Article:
Archive for September, 2012
Midi 57 is a relatively new restaurant at the Bangkung Row that is set to satiate the residents of Bangsar and all others who love pizza, pasta and porky Italian dishes. Aptly named after its address, Midi 57 is also the sister restaurant of the more stylish and upscale Le Midi at BSC. The simple two-paged menu features an interesting mix of predominantly Italian and French cuisine with a small Tex-Mex section that is wallet-friendly, suitable for a casual meal in a relaxed atmosphere.
As soon as we were seated, some complimentary bruschetta was served. Then followed by a basket of homemade sesame bread and Focaccia after we placed our order.
We started off with the Piglet Salad @ RM27, a colorful assembly of Romaine lettuce, rocket and cherry tomatoes on thin slices of Roasted Herb Piglet with a dressing of mashed sun-dried tomatoes olive oil. The tangy sun-dried tomatoes provided most of the flavor while the fresh greens give a crisp bite on the palate, a delectable combo that turns out to be equally appetizing. This is a nice change from the usual vinaigrette-dressed salads that usually have a strong and acidic taste.
Midi 57 makes all their pasta in house using five different imported flours and the dough created is used as a base for the pizza and ravioli as well. The Squid Ink Tagliolini with Salmon and Zucchini @ Rm37 proved to be our favorite dish of the day quickly, winning us over with its fine, delicate yet springy texture akin to the Chinese Mee Pok. Some might find the cream sauce to be too thick but I feel the consistency is just nice to hold the pasta together.
I am not sure what happened to Heng Kee Bak Kut Teh (Taman Kepong) because they appeared to be closed every time I visited them recently. It is one of my favorite makan places in Kepong so hopefully it is not a sign that they are gone for good.
So today we detoured to Hing Kee at Jalan Kepong instead which is another popular spot for Bak Kut Teh. Looking at the three shop lots they own, you could probably guess the huge volume of business they are doing daily. Quite a number of customers could already be seen eating there around 5.30pm even though they actually start at 6pm. And that includes us as well.
Anyway, if you read my post about Heng Kee earlier you would know that there are a couple of Heng Kee/Hing Kee in Klang Valley. Not only they share the exact Chinese name, even their menu and cooking styles are very similar. However, they do not share the same spelling in BM/English so they are obviously competitors. In short, Heng Kee is a standalone while Hing Kee is more like a chain restaurant with branches in KL and PJ.
Before we had Lucky’s ‘Yin Yong’ Bun at the restaurant, we actually went to their factory that morning to see how the buns are produced. I am sure many would assume that the buns are not difficult to make. After all what you need to do is just wrap the dough around the aluminium foil containing the filling and bake it until it is done, right?
Well, you might have guessed the overall process correctly but there are many fine details involved and patience is very important too, as each bun takes about 4 hours to make from scratch.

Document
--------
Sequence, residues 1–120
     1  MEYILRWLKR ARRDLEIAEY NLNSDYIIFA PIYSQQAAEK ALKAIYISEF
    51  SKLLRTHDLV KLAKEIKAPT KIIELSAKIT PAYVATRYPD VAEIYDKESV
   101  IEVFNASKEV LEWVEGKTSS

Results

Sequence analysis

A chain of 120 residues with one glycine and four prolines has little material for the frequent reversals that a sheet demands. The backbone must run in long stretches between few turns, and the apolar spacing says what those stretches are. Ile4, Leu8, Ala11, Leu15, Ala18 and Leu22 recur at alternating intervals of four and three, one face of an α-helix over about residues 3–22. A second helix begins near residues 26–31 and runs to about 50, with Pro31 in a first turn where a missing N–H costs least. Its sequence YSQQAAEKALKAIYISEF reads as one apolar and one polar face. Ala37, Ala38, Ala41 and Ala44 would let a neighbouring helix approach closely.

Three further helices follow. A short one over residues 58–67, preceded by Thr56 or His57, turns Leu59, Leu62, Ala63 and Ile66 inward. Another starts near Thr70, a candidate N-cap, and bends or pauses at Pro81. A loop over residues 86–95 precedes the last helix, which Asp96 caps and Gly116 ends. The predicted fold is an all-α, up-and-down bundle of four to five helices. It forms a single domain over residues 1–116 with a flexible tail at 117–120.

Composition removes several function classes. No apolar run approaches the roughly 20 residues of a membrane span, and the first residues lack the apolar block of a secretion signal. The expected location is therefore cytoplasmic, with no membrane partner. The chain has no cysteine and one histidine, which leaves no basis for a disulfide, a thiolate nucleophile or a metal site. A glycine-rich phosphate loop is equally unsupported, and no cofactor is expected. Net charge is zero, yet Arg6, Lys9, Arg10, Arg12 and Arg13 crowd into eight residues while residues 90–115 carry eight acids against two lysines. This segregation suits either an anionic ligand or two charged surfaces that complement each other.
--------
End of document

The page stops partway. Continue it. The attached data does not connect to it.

Firstly, the curries had to be cooked first from as early as 6am because the buns are made fresh daily. The base curry paste used to prepare the curries has more than 20 different ingredients and spices that are slowly simmered and stirred to extract their flavors.
The fillings for the ‘Yin Yong’ bun: Dongpo meat and pork ribs curry.
After transferring the curries into the bowls, they are wrapped carefully so as not to break the fragile grease proof paper.
The most memorable food I had in Muar was the Hainan Chicken Curry Rice at Lu San Coffee Shop. Hainan cuisine is definitely not alien to us. There’s Hainan chicken rice, Hainan coffee, Hainan bread, Hainan chicken chop and the list goes on. But Hainan curry is quite rare if you ask me.
To the casual eye, this would appear like a normal plate of ‘zhap fan’ but in fact this is already a serving of Hainan curry rice – it cost only RM3.50. So what makes up the traditional Hainan curry rice? Well for starters, it must have three main ingredients: curry (咖哩, typically chicken curry), braised sauce (滷汁) and braised meat and eggs (滷味).
Whether you mix them all up or serve the dishes separately, it’s totally up to individual preference and may vary from stall to stall. So who would have guessed that a simple mix of curry gravy and braised sauce could be so addictively delicious? The Hainanese sure did. But of course, this does not mean that by mixing any curry and soy-based sauce could produce the same flavor, there must be a proven recipe to begin with.
The main reason Lu San’s Hainan curry rice tastes better than the rest is frankly, quite simple – because the dishes are warm. When you are here, look around the humble stall and you will notice the pots of chicken curry and braised meats constantly being heated to preserve their warmth and taste. Cold food = bad food, simple as that. It is also worth mentioning that Lu San’s chicken curry is cooked using old hen (老母鸡) Since old hen has a longer life (obviously) than the average chicken, its flesh tastes sweeter naturally.